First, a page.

Deepak OBHRAI

OBHRAI, The Hon. Deepak, P.C.

Personal Data

Party
Conservative
Constituency
Calgary Forest Lawn (Alberta)
Birth Date
July 5, 1950
Website
http://deepakobhrai.com
PARLINFO
http://www.parl.gc.ca/parlinfo/Files/Parliamentarian.aspx?Item=9f0040ba-a9d7-4aa4-b2e4-f3213a4e024f&Language=E&Section=ALL
Email Address
deepak.obhrai@parl.gc.ca
Profession
businessman

Parliamentary Career

June 2, 1997 - March 26, 2000
REF
  Calgary East (Alberta)
March 27, 2000 - October 22, 2000
CA
  Calgary East (Alberta)
November 27, 2000 - May 23, 2004
CA
  Calgary East (Alberta)
December 12, 2003 - May 23, 2004
PC
  Calgary East (Alberta)
February 2, 2004 - May 23, 2004
CPC
  Calgary East (Alberta)
June 28, 2004 - November 29, 2005
CPC
  Calgary East (Alberta)
January 23, 2006 - September 7, 2008
CPC
  Calgary East (Alberta)
  • Parliamentary Secretary to the Minister of Foreign Affairs (February 7, 2006 - September 18, 2013)
  • Parliamentary Secretary to the Minister of International Cooperation (March 26, 2008 - November 6, 2008)
October 14, 2008 - March 26, 2011
CPC
  Calgary East (Alberta)
  • Parliamentary Secretary to the Minister of Foreign Affairs (February 7, 2006 - September 18, 2013)
  • Parliamentary Secretary to the Minister of International Cooperation (March 26, 2008 - November 6, 2008)
  • Parliamentary Secretary to the Minister for International Cooperation (November 5, 2010 - January 29, 2011)
May 2, 2011 - August 2, 2015
CPC
  Calgary East (Alberta)
  • Parliamentary Secretary to the Minister of Foreign Affairs (February 7, 2006 - September 18, 2013)
  • Parliamentary Secretary to the Minister of Foreign Affairs and for International Human Rights (September 19, 2013 - November 3, 2015)
October 19, 2015 -
CPC
  Calgary Forest Lawn (Alberta)
  • Parliamentary Secretary to the Minister of Foreign Affairs and for International Human Rights (September 19, 2013 - November 3, 2015)

Most Recent Speeches (Page 367 of 371)


December 11, 1997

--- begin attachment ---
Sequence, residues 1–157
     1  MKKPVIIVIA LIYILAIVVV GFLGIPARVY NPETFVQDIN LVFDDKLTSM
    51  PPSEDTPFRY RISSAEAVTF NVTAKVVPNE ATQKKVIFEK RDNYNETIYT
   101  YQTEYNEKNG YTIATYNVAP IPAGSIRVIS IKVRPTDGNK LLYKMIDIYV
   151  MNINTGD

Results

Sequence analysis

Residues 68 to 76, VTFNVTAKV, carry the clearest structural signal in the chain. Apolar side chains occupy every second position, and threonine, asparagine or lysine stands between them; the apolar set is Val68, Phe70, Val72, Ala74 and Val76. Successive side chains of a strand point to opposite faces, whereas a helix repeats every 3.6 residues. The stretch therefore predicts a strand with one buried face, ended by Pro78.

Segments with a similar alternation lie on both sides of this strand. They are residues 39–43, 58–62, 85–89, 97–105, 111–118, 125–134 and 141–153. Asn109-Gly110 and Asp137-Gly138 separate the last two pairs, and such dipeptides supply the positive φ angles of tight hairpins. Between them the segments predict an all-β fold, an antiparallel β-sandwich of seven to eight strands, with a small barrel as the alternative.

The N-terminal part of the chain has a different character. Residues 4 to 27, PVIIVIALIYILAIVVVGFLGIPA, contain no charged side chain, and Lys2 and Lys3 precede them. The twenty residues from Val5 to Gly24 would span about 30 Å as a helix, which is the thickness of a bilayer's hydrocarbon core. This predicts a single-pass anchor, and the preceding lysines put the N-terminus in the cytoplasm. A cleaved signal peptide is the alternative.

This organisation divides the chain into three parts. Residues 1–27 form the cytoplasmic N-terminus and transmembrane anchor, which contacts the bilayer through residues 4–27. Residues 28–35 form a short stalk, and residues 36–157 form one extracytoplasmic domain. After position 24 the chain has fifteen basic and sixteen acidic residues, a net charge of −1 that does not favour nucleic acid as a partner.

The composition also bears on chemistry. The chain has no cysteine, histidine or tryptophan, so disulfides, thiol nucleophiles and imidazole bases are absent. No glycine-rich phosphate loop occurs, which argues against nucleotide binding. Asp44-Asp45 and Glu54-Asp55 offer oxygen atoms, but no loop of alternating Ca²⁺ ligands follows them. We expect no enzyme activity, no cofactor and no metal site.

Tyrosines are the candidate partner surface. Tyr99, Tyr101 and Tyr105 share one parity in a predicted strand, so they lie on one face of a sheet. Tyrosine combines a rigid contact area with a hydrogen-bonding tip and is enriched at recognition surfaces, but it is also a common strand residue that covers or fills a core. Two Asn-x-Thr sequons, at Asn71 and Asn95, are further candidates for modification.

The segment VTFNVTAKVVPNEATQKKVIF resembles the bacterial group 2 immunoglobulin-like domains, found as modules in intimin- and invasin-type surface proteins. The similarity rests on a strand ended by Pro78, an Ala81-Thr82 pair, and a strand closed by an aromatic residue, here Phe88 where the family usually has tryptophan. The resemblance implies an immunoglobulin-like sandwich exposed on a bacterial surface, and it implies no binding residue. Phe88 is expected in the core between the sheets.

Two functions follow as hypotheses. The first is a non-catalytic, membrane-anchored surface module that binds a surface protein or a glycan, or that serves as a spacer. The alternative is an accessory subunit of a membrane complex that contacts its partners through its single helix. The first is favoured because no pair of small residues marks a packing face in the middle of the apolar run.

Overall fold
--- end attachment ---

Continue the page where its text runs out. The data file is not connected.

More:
Mr. Deepak Obhrai (Calgary East, Ref.)

Mr. Speaker, last week the auditor general stated that he “deplores the fact that it takes on average more than two and a half years to settle a refugee claim”. Today 38,000 refugees have their lives on hold as they wait to have their claims heard.

The fact of the matter is that the auditor general has been calling for an overhaul of the minister's department for the last 10 years. Now another promise has been made.

Will the minister commit today to the urgent implementation of the auditor general's recommendation?

Topic:   Oral Question Period
Subtopic:   Refugees
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December 8, 1997

Mr. Deepak Obhrai

Mr. Speaker, I do not think so. I still say that this is a change, not taking rights away. I still feel that parents in Newfoundland have the basic right to educate their children in the manner they want.

I know that in Calgary those who do not agree with that are teaching their children at home. Basically I am looking at this through the referendum and the desire of parents of Newfoundland who are asking for a change to be made to better administer the system. As a person who belongs to a minority I would be the first to raise the flag if I felt a minority right was disappearing. I do not feel a minority right is disappearing.

Topic:   Government Orders
Subtopic:   Amendment To The Constitution Of Canada (Newfoundland)
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December 8, 1997

Mr. Deepak Obhrai

Mr. Speaker, there are some good analogies there.

To answer the question, in the case of slavery, that referendum was taking away the basic human rights of someone, treating someone as inferior.

In this case we are talking about a change in the system, not about taking away the rights of somebody. We are talking about changes. That is the way I view it. I do not view it as somebody's basic human rights in the province being attacked. All it is doing is changing the basic system which the people of Newfoundland people think would be far more effective for them and at the same time is giving them religious rights.